Small Dairy Management
This year has presented many challenges for our small dairy management, and over the years, we have seen at least two other dairies, who were in fact slightly bigger than us, go out of business suddenly and after only a few short years because of the challenges presented for direct-to-consumer dairies of our size.
Some of the management challenges we’ve faced in the last 18 months are below.
Drought and Feed Challenges
The biggest thing that has impacted our dairy business was the drought that took hold in spring 2021 and lasted through the 2021 hay growing season, only to abate with at or above normal rainfall since the start of August of that summer.
To feed our growing herd, we require at least 300 of our own 600 pound round bales of grass/clover hay or haylage from our certified organic fields, and then we would purchase a semi load of large square bales of organic second cut alfalfa/orchard grass hay. Hay season 2021 only afforded us a production of about 25 percent of normal production. This caused us to have to buy two and a half semi loads of hay at inflated prices. We were fortunate to have found good hay though, and had the means to bring it in from eastern Oregon.
This meant during the winter feeding season, hay consumed a bit over 25 percent of our monthly revenues, with labor consuming more than another 25 percent (more on this further in this post) of our monthly revenues.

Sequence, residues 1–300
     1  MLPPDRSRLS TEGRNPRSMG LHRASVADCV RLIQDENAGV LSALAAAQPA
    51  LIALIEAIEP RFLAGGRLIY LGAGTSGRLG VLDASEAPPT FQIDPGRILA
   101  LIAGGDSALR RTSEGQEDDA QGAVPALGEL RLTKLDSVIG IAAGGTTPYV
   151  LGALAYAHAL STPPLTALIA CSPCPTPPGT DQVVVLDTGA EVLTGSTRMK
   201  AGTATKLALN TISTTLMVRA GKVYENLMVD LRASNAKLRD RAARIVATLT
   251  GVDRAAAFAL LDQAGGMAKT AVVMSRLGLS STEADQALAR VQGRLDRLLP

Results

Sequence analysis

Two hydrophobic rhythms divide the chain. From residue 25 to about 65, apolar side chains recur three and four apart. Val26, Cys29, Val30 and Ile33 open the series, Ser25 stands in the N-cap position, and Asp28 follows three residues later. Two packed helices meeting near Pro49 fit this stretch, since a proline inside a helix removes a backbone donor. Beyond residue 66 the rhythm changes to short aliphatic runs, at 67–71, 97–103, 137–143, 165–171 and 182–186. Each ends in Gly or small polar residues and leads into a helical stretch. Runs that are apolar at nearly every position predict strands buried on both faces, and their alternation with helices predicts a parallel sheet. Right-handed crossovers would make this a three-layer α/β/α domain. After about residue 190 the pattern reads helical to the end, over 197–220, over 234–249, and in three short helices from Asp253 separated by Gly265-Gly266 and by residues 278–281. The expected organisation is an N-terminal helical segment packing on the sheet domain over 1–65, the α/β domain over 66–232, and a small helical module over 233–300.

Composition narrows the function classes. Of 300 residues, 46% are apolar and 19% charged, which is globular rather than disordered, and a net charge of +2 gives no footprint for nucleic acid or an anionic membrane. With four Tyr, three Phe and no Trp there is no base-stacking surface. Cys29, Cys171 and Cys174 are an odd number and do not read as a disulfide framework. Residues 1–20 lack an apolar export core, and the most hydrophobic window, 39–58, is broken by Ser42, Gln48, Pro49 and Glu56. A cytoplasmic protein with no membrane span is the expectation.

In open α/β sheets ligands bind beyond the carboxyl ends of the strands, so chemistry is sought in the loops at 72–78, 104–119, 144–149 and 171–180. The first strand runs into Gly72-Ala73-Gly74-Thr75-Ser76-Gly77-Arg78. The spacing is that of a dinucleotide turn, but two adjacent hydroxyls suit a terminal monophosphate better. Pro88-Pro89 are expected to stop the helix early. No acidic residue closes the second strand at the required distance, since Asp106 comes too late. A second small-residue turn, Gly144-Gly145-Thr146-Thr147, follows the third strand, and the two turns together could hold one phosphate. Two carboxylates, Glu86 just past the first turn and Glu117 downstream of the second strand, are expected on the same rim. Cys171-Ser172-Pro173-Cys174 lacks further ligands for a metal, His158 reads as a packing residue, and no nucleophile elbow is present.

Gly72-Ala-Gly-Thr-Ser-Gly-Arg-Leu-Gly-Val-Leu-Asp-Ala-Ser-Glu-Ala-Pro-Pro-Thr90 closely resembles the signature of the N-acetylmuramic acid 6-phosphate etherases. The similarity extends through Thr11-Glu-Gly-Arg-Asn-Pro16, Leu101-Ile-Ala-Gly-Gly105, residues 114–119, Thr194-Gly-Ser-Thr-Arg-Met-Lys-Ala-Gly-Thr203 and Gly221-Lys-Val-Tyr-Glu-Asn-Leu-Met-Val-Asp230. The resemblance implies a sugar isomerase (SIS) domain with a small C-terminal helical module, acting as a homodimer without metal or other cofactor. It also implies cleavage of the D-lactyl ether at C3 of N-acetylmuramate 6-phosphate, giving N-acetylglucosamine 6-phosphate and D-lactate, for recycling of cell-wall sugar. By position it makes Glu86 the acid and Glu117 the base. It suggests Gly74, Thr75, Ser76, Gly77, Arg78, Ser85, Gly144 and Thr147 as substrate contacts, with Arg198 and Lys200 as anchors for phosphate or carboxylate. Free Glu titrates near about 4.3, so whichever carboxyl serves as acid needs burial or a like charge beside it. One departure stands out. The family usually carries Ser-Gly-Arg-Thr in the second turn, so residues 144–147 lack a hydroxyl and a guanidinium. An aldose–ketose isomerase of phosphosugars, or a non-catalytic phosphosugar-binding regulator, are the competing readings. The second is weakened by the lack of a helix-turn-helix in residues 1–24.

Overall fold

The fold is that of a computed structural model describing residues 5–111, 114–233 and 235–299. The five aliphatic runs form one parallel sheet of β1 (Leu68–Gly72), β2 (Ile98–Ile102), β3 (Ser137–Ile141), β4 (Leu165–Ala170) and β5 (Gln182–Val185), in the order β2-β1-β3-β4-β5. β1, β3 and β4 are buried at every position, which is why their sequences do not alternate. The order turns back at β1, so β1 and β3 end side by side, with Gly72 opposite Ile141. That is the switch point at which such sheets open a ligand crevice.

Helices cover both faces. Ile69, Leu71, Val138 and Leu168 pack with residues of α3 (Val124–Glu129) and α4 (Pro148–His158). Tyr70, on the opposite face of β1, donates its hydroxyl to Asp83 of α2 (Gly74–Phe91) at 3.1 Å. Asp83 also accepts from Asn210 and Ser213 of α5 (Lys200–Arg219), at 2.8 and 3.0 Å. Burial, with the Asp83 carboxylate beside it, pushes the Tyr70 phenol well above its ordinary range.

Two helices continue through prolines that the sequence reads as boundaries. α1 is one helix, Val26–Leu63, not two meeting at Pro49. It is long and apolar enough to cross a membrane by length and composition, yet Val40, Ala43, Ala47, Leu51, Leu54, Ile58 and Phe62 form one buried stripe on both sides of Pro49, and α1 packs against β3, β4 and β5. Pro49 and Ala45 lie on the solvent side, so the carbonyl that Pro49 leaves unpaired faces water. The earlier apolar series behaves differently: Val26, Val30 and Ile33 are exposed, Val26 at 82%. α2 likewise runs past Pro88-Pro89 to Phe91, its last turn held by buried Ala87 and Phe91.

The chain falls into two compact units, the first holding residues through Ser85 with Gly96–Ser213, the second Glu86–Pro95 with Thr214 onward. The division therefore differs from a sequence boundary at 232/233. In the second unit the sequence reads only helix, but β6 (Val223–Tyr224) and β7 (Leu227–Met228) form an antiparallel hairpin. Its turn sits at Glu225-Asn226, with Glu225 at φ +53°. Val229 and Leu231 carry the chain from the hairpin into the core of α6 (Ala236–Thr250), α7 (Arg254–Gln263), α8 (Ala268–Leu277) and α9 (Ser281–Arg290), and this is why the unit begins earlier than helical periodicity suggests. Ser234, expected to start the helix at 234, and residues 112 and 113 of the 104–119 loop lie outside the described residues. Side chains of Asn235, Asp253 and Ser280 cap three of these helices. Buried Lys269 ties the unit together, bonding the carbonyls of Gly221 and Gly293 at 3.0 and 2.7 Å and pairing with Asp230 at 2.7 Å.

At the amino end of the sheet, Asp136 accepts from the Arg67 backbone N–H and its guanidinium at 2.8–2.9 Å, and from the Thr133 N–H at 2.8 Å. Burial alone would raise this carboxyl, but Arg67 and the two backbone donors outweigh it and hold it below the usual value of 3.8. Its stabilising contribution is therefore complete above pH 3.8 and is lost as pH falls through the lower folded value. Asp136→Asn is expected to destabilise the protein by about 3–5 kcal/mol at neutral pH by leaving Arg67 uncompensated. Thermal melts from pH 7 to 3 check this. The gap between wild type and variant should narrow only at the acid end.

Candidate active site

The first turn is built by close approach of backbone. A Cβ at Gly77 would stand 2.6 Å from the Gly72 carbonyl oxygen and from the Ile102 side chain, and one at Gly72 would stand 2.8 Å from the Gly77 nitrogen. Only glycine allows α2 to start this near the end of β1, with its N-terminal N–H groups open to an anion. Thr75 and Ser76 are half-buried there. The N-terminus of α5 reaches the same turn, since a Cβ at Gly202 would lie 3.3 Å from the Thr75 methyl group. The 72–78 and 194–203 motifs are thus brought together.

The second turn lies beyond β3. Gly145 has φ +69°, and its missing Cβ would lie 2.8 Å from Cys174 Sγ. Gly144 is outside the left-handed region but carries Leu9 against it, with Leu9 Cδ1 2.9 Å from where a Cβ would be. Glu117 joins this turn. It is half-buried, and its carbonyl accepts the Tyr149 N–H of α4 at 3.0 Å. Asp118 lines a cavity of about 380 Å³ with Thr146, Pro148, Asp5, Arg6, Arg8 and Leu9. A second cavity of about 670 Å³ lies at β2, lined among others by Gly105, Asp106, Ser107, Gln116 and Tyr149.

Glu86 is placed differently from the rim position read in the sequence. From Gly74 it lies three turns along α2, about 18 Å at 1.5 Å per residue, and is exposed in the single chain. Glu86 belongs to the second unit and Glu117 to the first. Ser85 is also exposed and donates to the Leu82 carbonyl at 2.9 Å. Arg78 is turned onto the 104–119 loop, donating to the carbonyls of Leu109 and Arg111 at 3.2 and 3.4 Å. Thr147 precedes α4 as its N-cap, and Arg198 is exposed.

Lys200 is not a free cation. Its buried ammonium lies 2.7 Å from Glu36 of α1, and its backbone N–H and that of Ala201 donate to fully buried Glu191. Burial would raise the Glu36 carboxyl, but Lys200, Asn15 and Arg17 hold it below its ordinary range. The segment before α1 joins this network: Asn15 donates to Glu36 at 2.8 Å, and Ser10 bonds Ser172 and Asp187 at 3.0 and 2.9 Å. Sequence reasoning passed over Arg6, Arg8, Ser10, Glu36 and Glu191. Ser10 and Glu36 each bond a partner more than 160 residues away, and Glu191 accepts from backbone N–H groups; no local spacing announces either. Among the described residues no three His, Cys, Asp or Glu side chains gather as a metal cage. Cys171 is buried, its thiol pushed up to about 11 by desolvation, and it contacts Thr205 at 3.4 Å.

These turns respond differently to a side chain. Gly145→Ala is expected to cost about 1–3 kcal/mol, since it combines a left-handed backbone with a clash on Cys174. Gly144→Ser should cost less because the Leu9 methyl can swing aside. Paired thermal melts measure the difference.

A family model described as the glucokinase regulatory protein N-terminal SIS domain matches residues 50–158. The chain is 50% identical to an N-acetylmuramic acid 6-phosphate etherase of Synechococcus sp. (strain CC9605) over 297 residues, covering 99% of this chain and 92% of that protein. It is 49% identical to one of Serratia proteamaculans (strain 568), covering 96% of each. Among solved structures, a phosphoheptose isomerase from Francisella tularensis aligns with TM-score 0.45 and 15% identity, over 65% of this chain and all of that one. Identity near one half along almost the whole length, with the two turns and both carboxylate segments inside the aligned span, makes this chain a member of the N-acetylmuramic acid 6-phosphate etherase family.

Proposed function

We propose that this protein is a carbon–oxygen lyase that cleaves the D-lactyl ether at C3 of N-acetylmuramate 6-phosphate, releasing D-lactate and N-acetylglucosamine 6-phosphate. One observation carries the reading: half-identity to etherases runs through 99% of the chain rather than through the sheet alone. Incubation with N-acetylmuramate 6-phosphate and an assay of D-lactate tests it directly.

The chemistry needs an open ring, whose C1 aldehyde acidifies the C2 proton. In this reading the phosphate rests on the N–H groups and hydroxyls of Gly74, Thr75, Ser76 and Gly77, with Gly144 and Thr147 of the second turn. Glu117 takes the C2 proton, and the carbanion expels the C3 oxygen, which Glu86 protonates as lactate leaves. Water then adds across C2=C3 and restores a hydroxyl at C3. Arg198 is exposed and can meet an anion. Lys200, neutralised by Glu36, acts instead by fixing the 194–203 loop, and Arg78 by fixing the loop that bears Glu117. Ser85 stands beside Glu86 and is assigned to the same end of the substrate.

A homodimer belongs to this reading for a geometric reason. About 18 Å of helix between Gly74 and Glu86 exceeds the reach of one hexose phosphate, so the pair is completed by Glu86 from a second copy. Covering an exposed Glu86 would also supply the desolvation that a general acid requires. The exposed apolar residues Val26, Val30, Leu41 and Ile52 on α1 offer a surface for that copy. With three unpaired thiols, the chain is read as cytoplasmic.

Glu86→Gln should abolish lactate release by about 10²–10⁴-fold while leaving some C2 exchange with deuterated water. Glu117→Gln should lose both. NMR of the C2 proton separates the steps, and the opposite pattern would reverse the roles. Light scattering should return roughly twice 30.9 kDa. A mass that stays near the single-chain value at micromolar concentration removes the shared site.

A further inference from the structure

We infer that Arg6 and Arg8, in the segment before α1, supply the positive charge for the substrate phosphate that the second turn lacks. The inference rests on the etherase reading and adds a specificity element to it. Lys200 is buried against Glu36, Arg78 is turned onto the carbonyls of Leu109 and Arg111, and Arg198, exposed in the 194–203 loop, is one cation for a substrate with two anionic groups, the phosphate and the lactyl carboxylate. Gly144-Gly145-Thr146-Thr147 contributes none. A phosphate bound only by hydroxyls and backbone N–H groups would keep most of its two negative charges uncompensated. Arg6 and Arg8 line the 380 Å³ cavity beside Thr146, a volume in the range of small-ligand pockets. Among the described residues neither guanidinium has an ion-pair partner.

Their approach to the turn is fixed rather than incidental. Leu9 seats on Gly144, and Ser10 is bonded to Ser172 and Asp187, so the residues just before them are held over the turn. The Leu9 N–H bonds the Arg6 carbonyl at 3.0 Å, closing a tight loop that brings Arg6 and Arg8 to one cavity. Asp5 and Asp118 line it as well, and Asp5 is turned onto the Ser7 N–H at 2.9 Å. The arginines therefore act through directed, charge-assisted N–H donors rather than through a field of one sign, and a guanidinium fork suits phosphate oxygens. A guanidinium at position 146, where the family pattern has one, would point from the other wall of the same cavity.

Watching and maintaining operating margin when faced with such challenges is key to successful small dairy management.
Bottling Supplies and Management of the Supply Chain
Then there are all the other expenses of operating a small dairy. You should see the supplies we have to stay on top of, especially since we do our own bottling. We have all your normal dairy supplies and feed supplements, then for the bottle wash operation, we have automated brush heads that need frequent replacing, pre-wash detergent, wash detergent, and the bottles themselves, plus caps. The bottles are returnable glass bottles, but the return rate tends to run an industry average of 80 percent. So, for every hundred bottles shipped per day, 20 never come back.
Bottle screen printing lead times have nearly doubled as of this spring, and shipping has nearly tripled in cost, and shipping time is about tripled to quadrupled over what it used to be (bottles come from Ontario, Canada). This has led to logistical challenges managing inventory and lead times, and we have had to raise our bottle deposit twice to cover the cost of the bottles. Our goal is not to make profit on bottles, just to cover replacement costs.
We recently did a paid social media post encouraging bottle returns. With more and more milk heading out the door, we were finding returns weren’t even meeting the usual 78 to 80 percent return rate.
Shipping companies seem to be having a hard time getting good help. Yesterday, a new load of bottles arrived and it was clear there was a spill-over of one tall pallet of glass bottles and breakage had occurred. We have to be diligent in receiving because the shipper certainly doesn’t tell you this happened. We found 22 bottles of the 792 on the pallet were missing. We are careful to note this on the signed bill of lading and immediately report it to our bottle manufacturer for a credit against the outstanding invoice.
Today, we received notice that our load of bottle wash detergent set to arrive next week somehow got destroyed in transit. It is considered a hazardous material because it is very basic. On the pH scale, it is 13 to 14. I’m sure this made a nice mess in a trailer or warehouse somewhere, just like the broken bottles did.